Timetable information in the Course Catalogue may be subject to change.

University Homepage
DRPS Homepage
DRPS Search
DRPS Contact
DRPS : Course Catalogue : School of Engineering : School (School of Engineering)

Undergraduate Course: Systems Engineering: Thinking and Practice 5 (SCEE11017)

Course Outline
SchoolSchool of Engineering CollegeCollege of Science and Engineering
Credit level (Normal year taken)SCQF Level 11 (Year 5 Undergraduate) AvailabilityAvailable to all students
SCQF Credits10 ECTS Credits5
SummarySystems Thinking is a way of thinking used to address complex and uncertain real world problems. It recognises that the world is a set of highly interconnected technical and social entities which are hierarchically organised, producing emergent behaviour. The idea of a system as 'a set of parts which, when combined, have qualities that are not present in any of the parts themselves' is a very productive way of looking at the world - which turns out to be full of systems. Large engineering endeavours are nearly always complex systems which include, for example, people, processes, information, organisations and services, as well as software, hardware and complex products. In order to understand and manage these activities it is essential that a systems approach is taken to ensure that all aspects are understood, and their interactions are optimised to ensure successful delivery. A characteristic of complex systems is that of 'emergence'. Emergent behaviour arises when system elements interact with each other and their environment, and indeed only exist when the components of a system are able to interact. Emergence brings with it the risk of unintended consequences - a major cause of embarrassing system and project failures - but it is also possible for skilled systems engineers to create higher value for less cost by using emergence to deliver desired system qualities.The course will build on this Systems Thinking to show how the techniques of Systems Engineering can be used, and where the limitations of traditional methods become apparent and new data-driven approaches are needed.
Course description The course is made of two modules, covering each of two main subjects: Systems Thinking and Systems Practice.
The questions and topics that these two models will cover:
1. Systems Thinking:
- What is a system? Systems Thinking?
- Complex and Complicated systems: what is the difference and how should each be approached?
- Emergent Behaviour of Complex Systems and Unintended Consequences
- Mission-oriented project design in human-centered organisations
- Core dimensions of Environmental and Social Governance in/of Complex Systems
2. Systems Practice:
- Why big projects go wrong? How systems engineering can help?
- The tools of systems engineering
- Is the classical systems engineering model relevant in today's digital environment?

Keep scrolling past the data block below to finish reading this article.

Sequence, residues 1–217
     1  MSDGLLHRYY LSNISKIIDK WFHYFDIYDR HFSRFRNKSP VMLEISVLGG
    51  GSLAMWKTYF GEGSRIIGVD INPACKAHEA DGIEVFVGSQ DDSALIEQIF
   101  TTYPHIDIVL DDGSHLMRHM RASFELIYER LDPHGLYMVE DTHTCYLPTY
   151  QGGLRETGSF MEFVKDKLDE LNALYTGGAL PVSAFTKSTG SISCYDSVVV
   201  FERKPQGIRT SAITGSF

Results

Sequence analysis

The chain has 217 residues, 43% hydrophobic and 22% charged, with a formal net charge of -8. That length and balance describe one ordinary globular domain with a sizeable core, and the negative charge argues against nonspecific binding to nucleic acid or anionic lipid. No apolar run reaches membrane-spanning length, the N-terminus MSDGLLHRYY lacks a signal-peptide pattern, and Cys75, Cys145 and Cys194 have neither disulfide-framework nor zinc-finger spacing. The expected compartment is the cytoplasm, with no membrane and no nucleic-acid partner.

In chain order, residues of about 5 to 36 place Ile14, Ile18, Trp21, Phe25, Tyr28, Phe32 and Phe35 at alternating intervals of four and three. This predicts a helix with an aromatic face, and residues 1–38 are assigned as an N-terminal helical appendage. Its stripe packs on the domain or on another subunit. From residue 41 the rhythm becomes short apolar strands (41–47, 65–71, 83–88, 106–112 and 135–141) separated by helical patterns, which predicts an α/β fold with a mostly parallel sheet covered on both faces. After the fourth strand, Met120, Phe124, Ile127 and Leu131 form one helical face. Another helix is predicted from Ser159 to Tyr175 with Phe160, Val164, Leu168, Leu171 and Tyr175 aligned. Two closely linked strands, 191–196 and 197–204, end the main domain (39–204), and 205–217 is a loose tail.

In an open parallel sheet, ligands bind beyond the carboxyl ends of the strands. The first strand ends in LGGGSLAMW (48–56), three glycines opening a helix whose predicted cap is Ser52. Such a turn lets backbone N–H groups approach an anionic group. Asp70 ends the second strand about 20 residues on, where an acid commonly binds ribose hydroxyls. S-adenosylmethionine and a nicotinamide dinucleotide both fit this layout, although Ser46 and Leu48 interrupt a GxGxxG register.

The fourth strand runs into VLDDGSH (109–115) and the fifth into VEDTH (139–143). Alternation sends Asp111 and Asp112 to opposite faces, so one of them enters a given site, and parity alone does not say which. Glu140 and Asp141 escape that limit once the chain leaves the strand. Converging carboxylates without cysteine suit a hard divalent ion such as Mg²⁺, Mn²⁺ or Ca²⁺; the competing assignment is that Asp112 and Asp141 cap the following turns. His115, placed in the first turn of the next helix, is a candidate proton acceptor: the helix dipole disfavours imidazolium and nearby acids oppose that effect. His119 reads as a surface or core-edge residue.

- The diversity of socio-technical systems and stakeholders involved
- Use of futures design for strategic system alignment and expectation management
Summative assessment for this course will be conducted through two types of coursework;
- Team; Students work in teams to analyse an existing case study and evaluate the options to apply systems engineering techniques.
- Individual; The students carry out systems partitioning exercise and carry out risk analysis for two systems management options.
Entry Requirements (not applicable to Visiting Students)
Pre-requisites Co-requisites
Prohibited Combinations Other requirements None
Information for Visiting Students
High Demand Course? Yes
Course Delivery Information
Academic year 2024/25, Available to all students (SV1) Quota:  35
Course Start Semester 2
Timetable Timetable
Learning and Teaching activities (Further Info) Total Hours: 100 ( Lecture Hours 12, Online Activities 8, Feedback/Feedforward Hours 1, Summative Assessment Hours 8, Revision Session Hours 1, Programme Level Learning and Teaching Hours 2, Directed Learning and Independent Learning Hours 68 )
Assessment (Further Info) Written Exam 0 %, Coursework 100 %, Practical Exam 0 %
Additional Information (Assessment) Coursework 100%
Feedback Not entered
No Exam Information
Learning Outcomes
On completion of this course, the student will be able to:
  1. Developed understanding of systems thinking to enable them to take a systematic, evidence/data-led approach to management of complex systems;
  2. Understood the implications of emergent properties of systems, and developed a critical perspective on how this may have both beneficial and adverse consequences;
  3. Learnt lessons about how large and complex projects and programmes can go wrong and analyse what can be done through systems thinking to avoid cost and time over-runs and failure to meet objectives;
  4. Examined how the techniques of systems engineering can contribute to the successful delivery of large and complex projects and programmes;
  5. Demonstrated how to make the appropriate choice of systems engineering tools tailored to the characteristics of the challenges at hand, working individually and as part of a team.
Reading List
Additional Information
Graduate Attributes and Skills Not entered
KeywordsProgramme Management,Systems Thinking,Complexity,Systems Engineering,Emergent Properties
Course organiserDr Matjaz Vidmar
Tel: (0131 6)50 7792
Course secretaryMr Tom Lawford-Groves
Tel: (0131 6)50 5687
Help & Information
Search DPTs and Courses
Degree Programmes
Browse DPTs
Humanities and Social Science
Science and Engineering
Medicine and Veterinary Medicine
Other Information
Combined Course Timetable
Important Information